The movie made me very happy with the amount of movie references it made, including many references to other Batman films, and also films outside of the universe. The supporting cast, made up of as Robin, as Alfred, and as Batgirl in the core group, to and , and spreading out into cameo after cameo including many returning cameos from The Lego Movie, as the Eye of Sauron and Siri as... a... computer... -- they were all great. I'm bad at the game of "Guess the Actor without Seeing Their Face" but I enjoyed playing nonetheless.

You might think the Joker is played as the main villain by now... which is perfect for this.

In direct comparison to The Lego Movie there are some wins and some losses. It's at least just as funny. I would argue funnier. The plot isn't as creative or original, but it's a Batman movie, and in spite of being Lego is somehow is relevant when held up against even the best live action portrayals of the character, which cannot be a small feat. The theme wasn't as personally effective and moving as the last Lego film, but I enjoyed it plenty, and (for whatever it's worth) approved of it equally.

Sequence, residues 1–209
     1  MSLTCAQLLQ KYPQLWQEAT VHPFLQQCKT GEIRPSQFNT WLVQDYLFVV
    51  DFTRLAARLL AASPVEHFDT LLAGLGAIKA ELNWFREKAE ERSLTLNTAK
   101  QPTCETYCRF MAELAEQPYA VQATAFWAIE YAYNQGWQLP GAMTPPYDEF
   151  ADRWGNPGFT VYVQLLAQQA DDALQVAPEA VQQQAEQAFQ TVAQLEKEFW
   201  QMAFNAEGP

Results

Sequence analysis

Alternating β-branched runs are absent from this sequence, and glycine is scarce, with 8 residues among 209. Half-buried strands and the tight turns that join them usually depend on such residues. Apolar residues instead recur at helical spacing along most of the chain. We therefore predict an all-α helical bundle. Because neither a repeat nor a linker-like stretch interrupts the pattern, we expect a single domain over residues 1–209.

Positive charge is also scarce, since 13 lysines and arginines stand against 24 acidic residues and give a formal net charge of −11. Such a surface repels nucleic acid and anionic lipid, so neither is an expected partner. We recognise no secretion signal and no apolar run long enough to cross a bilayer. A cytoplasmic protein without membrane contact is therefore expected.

One random comment: the medium of this film allows for something to be done with Batman that no other film has done -- make the Wayne mansion huge. It was really, truly, mindbogglingly, depressingly, no-way-even-James-Cameron-could-get-the-budget-for-live-action-scale-like-this massive. Almost as cool as that was how it was used not only for comedy, but for effortless dramatic effect too. For some reason all that impressed me.

But, mostly, it's just a whole bunch of goofy fun.